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            EAA/EMQN best practice guidelines for molecular diagnosis of y-chromosomal microdeletions. State of the art 2004.

            Microdeletions of the Y chromosome are the second most frequent genetic cause of spermatogenetic failure in infertile men after the Klinefelter syndrome. The molecular diagnosis of Y-chromosomal microdeletions is routinely performed in the workup of male infertility in men with azoospermia or severe oligozoospermia. Since 1999, the European Academy of Andrology (EAA) and the European Molecular Genetics Quality Network (EMQN) support the improvement of the quality of the diagnostic assays by publication of the laboratory guidelines for molecular diagnosis of Y-chromosomal microdeletions and by offering external quality assessment trials. The present revision of the 1999 laboratory guidelines summarizes the results of a 'Best Practice Meeting' held in Florence (Italy) in October 2003. The basic protocol for microdeletion screening suggested in the 1999 guidelines proved to be very accurate, sensitive and robust. In the light of the recent advance in the knowledge of the Y chromosome sequence and of the mechanism of microdeletion it was agreed that the basic 1999 protocol, based on two multiplex polymerase chain reactions each covering the three AZF regions, is still fully valid and appropriate for accurate diagnosis.
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              Successful fertility treatment for Klinefelter's syndrome.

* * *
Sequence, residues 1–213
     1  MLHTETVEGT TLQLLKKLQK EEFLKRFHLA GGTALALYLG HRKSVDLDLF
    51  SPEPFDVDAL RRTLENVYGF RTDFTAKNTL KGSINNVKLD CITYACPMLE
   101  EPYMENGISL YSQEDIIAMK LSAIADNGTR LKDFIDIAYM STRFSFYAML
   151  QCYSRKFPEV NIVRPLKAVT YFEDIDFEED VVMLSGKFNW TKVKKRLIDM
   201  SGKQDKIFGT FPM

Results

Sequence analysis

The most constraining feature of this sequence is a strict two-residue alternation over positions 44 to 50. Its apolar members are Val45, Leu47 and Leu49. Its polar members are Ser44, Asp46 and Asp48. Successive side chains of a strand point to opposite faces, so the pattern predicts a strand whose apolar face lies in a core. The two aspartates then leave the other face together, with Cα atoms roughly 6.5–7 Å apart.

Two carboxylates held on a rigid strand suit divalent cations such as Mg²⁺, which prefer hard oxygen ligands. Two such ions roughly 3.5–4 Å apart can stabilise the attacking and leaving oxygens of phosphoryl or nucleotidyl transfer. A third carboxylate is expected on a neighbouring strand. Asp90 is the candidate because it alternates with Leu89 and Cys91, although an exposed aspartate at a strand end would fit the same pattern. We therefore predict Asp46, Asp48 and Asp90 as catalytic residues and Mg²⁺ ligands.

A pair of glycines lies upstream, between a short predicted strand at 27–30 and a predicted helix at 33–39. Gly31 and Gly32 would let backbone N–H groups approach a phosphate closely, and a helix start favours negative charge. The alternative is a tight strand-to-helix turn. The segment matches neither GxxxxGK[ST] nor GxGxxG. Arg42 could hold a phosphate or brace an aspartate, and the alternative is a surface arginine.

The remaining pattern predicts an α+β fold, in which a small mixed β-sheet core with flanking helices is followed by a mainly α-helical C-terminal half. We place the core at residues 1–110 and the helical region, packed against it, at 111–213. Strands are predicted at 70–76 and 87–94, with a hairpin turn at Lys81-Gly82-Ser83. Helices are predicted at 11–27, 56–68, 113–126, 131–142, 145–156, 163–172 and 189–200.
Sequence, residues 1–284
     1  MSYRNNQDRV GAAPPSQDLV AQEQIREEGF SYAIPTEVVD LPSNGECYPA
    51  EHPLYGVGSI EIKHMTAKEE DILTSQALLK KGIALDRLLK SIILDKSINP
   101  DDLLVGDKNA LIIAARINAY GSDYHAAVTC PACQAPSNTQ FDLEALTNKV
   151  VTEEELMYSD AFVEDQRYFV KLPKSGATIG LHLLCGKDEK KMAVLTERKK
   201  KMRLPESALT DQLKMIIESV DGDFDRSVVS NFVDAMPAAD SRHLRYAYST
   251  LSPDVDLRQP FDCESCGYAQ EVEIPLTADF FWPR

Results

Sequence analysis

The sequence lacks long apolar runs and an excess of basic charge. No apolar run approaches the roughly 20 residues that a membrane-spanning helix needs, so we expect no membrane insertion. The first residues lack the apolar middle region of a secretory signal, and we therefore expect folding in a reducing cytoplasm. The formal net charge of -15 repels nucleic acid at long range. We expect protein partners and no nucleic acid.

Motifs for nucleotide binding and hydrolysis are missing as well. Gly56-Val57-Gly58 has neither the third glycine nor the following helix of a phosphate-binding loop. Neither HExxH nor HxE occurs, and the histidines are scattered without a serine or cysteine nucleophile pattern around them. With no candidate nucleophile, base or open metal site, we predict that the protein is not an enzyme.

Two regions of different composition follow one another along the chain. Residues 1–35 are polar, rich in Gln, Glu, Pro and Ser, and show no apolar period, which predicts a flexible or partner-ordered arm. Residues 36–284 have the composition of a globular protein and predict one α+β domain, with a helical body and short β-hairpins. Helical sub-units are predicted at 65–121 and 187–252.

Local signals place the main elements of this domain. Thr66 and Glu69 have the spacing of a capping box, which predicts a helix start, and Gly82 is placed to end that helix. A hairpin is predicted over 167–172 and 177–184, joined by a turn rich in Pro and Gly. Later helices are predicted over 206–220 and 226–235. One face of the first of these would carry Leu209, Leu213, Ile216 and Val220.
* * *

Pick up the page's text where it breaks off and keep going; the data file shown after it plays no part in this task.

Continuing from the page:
We examined preoperative factors that could predict successful microdissection testicular sperm extraction in men with azoospermia and nonmosaic Klinefelter's syndrome. We also analyzed the influence of preoperative hormonal therapy on the sperm retrieval rate. A total of 91 microdissection testicular sperm extraction attempts were done in 68 men with nonmosaic Klinefelter's syndrome. Men with serum testosterone less than 300 ng/dl received medical therapy with aromatase inhibitors, clomiphene or human chorionic gonadotropin before microdissection testicular sperm extraction. Preoperative factors of patient age and endocrinological data were compared in those in whom the procedure was and was not successful. The sperm retrieval rate was the main outcome. Clinical pregnancy (pregnancy with heartbeat) and the live birth rate were also calculated. Testicular spermatozoa were successfully retrieved in 45 men (66%), representing 62 (68%) attempts. Increasing male age was associated with a trend toward a lower sperm retrieval rate (p = 0.05). The various types of preoperative hormonal therapies did not have different sperm retrieval rates but men with normal baseline testosterone had the best sperm retrieval rate of 86%. Patients who required medical therapy and responded to that treatment with a resultant testosterone of 250 ng/dl or higher had a higher sperm retrieval rate than men in whom posttreatment testosterone was less than 250 ng/dl (77% vs 55%). For in vitro fertilization attempts in which sperm were retrieved the clinical pregnancy and live birth rates were 57% and 45%, respectively. Microdissection testicular sperm extraction is an effective sperm retrieval technique in men with Klinefelter's syndrome. Men with hypogonadism who respond to medical therapy may have a better chance of sperm retrieval.